Until recently, Miah used to be a silent bystander, like many others when other men sexually harassed women. Since participating in the “Building Capacity to Prevent Violence Against Women Project” implemented by UN Women and Bangladesh National Women Lawyers Association (BNWLA), things are changing and Miah fully understands the serious ramifications of sexual harassment and is ready to tackle it head on.

The project, which started two years back in October 2015, was initiated in four major universities across Bangladesh—Shahjalal University of Science and Technology in Sylhet, East West University in Jahangirnagar, University of Dhaka, the capital of Bangladesh, and the University of Rajshahiin Rajshahi—with generous support from Embassy of Sweden in Dhaka. The project has set up Sexual Harassment Prevention Committees (SHPC) which meet weekly or monthly, and provide a safe space for students to share their experience and organize to prevent sexual harassment on campus.

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Question related to this article:

Protecting women and girls against violence, Is progress being made?

What role should men play to stop violence against women?

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During one of Miah’s campus meetings, a student shared how her friend was being harassed by a guard outside their hostel. When the harassment escalated, she reported the incident. The guard was transferred, but not fired. Miah uses this case as an example and says “this made us realize how difficult it is for girls to feel safe when someone who is supposed to protect them acts like this.”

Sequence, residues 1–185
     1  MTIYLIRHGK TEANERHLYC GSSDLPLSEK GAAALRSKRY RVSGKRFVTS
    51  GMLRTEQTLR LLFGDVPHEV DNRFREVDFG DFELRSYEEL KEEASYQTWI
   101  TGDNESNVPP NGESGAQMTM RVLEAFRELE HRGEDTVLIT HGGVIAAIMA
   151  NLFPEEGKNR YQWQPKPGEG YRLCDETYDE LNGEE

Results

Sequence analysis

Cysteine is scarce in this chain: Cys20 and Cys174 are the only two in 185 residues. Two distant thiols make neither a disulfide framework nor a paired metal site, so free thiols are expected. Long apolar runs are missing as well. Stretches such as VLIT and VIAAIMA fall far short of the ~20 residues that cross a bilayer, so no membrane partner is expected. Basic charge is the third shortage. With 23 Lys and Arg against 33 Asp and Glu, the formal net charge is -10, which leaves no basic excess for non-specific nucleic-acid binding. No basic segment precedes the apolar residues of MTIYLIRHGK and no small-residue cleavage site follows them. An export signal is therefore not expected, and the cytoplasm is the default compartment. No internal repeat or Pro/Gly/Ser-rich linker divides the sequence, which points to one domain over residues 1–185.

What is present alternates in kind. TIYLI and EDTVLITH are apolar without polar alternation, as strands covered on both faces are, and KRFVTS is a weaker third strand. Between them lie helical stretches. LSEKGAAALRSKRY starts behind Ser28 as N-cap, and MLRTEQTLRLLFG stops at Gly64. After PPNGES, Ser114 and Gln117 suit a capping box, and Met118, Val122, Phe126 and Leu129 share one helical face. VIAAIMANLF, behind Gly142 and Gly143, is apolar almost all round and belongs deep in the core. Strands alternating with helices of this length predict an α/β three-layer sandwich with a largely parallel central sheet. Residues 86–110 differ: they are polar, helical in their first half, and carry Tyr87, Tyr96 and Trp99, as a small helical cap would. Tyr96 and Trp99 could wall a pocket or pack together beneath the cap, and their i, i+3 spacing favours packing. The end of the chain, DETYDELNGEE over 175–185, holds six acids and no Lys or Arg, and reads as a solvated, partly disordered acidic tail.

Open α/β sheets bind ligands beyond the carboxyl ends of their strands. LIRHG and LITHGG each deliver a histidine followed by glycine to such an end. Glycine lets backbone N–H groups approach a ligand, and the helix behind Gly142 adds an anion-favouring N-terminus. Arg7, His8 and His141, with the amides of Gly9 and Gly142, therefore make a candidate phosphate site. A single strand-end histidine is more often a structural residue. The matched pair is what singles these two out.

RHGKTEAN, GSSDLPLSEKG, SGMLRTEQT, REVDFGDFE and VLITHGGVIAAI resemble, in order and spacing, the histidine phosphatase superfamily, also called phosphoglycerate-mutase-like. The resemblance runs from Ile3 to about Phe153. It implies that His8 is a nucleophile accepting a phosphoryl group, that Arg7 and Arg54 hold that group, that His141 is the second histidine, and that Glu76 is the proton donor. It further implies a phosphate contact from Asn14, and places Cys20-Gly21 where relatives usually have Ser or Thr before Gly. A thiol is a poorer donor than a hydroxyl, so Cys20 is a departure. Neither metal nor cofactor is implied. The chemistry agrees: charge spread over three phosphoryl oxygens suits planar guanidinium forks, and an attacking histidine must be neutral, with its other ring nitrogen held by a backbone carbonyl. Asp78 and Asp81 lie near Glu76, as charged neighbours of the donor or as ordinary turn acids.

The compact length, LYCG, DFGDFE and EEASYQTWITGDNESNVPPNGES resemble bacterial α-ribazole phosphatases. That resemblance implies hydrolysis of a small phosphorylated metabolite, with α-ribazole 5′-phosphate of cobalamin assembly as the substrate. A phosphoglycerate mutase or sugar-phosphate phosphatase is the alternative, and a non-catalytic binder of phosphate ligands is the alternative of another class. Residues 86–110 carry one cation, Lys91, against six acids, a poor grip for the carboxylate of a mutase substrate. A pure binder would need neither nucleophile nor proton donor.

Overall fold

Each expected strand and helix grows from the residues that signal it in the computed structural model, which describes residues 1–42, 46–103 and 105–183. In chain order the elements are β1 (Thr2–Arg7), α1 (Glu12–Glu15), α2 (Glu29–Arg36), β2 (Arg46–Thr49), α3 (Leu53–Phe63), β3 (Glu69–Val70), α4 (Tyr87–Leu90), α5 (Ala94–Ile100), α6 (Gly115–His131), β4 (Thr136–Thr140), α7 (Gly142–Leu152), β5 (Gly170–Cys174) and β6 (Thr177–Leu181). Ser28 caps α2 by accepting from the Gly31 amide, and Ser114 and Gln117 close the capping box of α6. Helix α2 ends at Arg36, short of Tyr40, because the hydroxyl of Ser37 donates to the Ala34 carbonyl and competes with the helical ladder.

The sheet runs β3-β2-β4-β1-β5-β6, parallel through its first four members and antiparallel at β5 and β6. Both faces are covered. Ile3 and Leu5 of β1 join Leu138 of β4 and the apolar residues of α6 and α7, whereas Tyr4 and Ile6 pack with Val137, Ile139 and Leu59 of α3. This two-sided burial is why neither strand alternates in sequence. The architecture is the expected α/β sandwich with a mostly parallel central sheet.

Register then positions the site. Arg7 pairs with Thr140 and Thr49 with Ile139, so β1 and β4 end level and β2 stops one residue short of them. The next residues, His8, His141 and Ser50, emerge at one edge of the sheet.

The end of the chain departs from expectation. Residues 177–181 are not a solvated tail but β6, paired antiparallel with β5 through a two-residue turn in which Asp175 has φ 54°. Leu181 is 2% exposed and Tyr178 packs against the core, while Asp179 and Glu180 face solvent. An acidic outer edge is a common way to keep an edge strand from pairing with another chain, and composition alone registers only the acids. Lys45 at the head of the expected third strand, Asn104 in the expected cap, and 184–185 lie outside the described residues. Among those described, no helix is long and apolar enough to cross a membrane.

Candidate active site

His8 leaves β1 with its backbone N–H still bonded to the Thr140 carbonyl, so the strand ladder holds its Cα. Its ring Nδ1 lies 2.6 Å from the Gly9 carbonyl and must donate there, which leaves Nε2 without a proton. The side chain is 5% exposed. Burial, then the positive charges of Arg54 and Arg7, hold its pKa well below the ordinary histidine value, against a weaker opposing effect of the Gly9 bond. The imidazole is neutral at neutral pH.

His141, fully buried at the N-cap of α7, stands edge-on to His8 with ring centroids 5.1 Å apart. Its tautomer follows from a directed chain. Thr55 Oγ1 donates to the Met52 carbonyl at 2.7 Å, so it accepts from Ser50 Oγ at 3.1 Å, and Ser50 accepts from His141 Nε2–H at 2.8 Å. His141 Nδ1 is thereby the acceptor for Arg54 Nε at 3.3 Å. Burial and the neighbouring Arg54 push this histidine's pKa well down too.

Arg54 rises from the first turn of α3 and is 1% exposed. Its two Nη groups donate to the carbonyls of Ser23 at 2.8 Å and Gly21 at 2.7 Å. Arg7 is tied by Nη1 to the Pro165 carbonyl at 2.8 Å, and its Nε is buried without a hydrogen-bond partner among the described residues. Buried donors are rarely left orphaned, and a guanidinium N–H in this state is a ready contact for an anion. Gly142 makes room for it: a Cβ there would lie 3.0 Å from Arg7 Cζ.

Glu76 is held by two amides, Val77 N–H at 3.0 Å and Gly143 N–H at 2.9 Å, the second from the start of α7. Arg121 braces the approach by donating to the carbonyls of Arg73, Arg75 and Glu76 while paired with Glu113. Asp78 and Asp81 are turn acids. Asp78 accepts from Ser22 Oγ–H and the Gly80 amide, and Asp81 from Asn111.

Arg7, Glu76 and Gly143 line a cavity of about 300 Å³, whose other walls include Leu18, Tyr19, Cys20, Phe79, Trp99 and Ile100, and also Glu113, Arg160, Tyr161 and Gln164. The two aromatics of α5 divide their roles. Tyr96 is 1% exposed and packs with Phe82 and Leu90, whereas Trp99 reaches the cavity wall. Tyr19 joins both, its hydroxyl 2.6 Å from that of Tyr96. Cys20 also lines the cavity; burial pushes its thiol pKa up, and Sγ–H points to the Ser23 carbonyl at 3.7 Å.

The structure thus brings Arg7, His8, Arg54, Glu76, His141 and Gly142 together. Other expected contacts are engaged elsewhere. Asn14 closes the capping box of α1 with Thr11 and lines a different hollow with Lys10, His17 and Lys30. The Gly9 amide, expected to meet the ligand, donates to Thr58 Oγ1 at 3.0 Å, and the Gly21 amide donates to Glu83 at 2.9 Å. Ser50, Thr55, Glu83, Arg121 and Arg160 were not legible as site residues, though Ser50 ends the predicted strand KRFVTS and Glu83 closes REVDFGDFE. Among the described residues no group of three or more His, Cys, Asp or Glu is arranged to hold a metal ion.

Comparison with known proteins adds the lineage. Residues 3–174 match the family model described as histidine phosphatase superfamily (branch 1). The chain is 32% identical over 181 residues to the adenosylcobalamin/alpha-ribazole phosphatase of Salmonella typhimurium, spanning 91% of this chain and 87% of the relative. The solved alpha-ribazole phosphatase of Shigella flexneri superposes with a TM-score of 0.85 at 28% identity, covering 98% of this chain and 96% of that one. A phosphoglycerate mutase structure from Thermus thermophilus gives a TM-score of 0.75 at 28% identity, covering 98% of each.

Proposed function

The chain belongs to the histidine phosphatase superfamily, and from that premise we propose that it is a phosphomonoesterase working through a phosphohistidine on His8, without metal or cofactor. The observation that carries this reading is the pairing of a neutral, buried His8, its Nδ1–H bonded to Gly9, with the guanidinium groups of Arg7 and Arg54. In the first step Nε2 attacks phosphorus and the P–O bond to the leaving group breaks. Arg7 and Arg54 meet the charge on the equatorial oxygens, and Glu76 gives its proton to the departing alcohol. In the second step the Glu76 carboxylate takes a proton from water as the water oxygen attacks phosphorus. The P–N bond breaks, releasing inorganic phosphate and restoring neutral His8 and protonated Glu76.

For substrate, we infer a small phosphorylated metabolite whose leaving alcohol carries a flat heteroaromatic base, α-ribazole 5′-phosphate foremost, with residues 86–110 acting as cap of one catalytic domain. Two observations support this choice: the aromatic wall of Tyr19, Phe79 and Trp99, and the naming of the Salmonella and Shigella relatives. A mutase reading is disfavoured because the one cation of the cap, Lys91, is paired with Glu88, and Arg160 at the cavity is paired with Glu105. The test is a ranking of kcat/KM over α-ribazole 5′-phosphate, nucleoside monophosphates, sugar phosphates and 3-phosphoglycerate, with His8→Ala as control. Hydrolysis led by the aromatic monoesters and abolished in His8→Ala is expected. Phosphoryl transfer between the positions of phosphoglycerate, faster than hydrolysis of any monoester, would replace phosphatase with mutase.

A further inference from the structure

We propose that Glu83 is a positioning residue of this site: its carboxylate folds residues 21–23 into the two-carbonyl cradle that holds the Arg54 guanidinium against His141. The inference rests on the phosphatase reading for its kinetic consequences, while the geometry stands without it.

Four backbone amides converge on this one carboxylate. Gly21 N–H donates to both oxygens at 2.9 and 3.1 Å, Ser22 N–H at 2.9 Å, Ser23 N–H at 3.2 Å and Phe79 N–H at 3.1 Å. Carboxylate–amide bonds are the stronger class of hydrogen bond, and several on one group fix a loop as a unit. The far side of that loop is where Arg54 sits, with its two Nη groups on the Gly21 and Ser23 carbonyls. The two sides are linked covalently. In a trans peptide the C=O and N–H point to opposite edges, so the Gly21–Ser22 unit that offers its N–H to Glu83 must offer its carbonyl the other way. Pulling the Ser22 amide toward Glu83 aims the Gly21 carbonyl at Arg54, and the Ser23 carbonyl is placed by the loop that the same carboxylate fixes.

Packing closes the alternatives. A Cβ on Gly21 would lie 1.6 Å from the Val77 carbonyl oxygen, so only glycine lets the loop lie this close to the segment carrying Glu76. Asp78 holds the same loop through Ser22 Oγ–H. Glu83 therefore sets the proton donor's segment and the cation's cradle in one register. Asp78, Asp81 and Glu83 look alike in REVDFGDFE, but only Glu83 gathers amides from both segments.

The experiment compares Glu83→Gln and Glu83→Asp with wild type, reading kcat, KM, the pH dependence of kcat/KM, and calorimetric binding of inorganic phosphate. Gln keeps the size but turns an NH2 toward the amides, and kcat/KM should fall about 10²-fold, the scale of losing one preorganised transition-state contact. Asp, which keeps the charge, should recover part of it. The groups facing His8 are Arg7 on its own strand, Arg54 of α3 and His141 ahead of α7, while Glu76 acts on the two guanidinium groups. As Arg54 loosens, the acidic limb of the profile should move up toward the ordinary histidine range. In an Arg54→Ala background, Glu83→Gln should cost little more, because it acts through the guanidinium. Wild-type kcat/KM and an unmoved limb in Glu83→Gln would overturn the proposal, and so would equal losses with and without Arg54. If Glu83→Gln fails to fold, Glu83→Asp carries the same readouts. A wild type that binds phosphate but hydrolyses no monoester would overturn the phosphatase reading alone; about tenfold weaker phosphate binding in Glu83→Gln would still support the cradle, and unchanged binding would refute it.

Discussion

On the other side of the country, Sumaya Rahman Kanti, aged 21, from the University of Rajshahi in the north-west part of the Bangladesh, believes that it is crucial to involve men in campaigns against sexual harassment. She says, “men must strongly say no to sexual harassment first and act accordingly. They shouldn’t walk away from any situation where a girl is being harassed, rather, they should take immediate steps to prevent any form of sexual harassment or violence.”